Diagnostic Time-Out: A Randomized Clinical Trial of a Checklist to Improve Diagnostic Accuracy

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University of Iowa

Status

Completed

Conditions

Diagnostic Errors

Treatments

Behavioral: Usual care with no diagnostic checklist
Behavioral: Diagnostic checklist

Study type

Interventional

Funder types

Other

Identifiers

NCT01868659
IRB201002794

Details and patient eligibility

About

Diagnostic errors are common, but they have been largely ignored by patient safety groups. Diagnostic errors are often traced to physicians' cognitive biases and failed heuristics (mental shortcuts). We know how these faulty thinking processes lead to diagnostic errors, but we know little about how to resist them. Faulty thinking has plagued other high-risk, high-reliability professionals, such as airline pilots and nuclear plant operators. These professions have learned from their mistakes and have developed checklists to help prevent them. The medical profession has started to use checklists and time-out periods in the operating room and intensive care unit, but these strategies have not been used to reduce diagnostic errors. The most common reason that physicians fail to make the correct diagnosis is that they never consider it. This failure could potentially be prevented if the physician took a time-out to review a checklist. Our broad long-term goal is to reduce diagnostic errors by developing interventions that help counter faulty diagnostic thinking. The specific aims of this project are to (1) determine the feasibility of taking a diagnostic time-out in the acute outpatient setting (urgent care clinic and emergency department), (2) determine if new diagnostic possibilities are seriously considered as a result of the time-out and checklist, and (3) compare the initial differential diagnosis with the new differential diagnosis following the time-out, and with the discharge diagnosis documented in the medical record, and with the "final" diagnosis based on a one-month follow-up. To achieve these aims, the investigators will ask 5 urgent-care physicians to complete a time-out procedure for 10 diagnostically challenging adult patients and 5 physicians will serve as controls (no time out) for 10 diagnostically challenging patients (total of 100 patients). The investigator will ask the intervention physicians to take a 2-minute time-out to review a complaint-specific differential-diagnosis checklist, which includes the differential diagnosis for 60 common presenting complaints, such as dyspnea and chest pain. The time-out will occur at the conclusion of the history and physical exam. We will use descriptive statistics and qualitative methods to characterize physicians' reactions to the time-out and checklists. We will use this pilot project to plan a larger study that will determine the risks and benefits of diagnostic time-outs and checklists.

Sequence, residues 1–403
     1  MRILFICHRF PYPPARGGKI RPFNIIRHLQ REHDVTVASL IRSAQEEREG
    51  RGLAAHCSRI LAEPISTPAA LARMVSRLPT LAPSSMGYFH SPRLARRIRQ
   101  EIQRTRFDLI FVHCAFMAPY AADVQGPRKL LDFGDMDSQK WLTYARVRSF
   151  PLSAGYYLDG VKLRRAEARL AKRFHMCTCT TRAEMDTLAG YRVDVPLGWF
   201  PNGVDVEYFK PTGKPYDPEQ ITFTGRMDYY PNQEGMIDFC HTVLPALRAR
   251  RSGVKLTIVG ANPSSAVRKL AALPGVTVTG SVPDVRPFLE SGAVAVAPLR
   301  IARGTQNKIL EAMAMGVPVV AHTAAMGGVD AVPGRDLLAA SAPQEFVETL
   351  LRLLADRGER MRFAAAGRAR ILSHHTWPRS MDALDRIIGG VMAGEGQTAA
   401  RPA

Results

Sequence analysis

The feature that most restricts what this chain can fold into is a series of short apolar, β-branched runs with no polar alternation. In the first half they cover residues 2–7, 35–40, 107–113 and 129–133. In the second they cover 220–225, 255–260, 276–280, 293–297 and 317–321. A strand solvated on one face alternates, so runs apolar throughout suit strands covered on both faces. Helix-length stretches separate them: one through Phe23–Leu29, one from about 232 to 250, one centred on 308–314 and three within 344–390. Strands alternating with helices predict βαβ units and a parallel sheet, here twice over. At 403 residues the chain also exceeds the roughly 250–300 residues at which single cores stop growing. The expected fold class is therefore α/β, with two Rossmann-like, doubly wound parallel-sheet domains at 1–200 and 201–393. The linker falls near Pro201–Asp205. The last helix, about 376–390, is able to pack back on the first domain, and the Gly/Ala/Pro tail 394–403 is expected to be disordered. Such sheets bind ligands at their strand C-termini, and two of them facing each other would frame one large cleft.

Full description